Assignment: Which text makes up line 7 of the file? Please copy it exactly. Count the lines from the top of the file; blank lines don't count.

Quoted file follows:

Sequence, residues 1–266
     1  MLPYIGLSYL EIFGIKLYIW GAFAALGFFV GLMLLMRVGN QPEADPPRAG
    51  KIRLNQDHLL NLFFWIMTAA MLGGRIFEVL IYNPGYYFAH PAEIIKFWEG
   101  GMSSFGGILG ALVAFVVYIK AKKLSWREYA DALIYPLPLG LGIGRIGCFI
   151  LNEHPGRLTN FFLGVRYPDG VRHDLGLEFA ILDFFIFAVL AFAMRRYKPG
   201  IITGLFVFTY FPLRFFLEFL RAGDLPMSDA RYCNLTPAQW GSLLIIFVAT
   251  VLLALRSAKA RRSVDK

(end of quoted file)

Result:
   251  VLLALRSAKA RRSVDK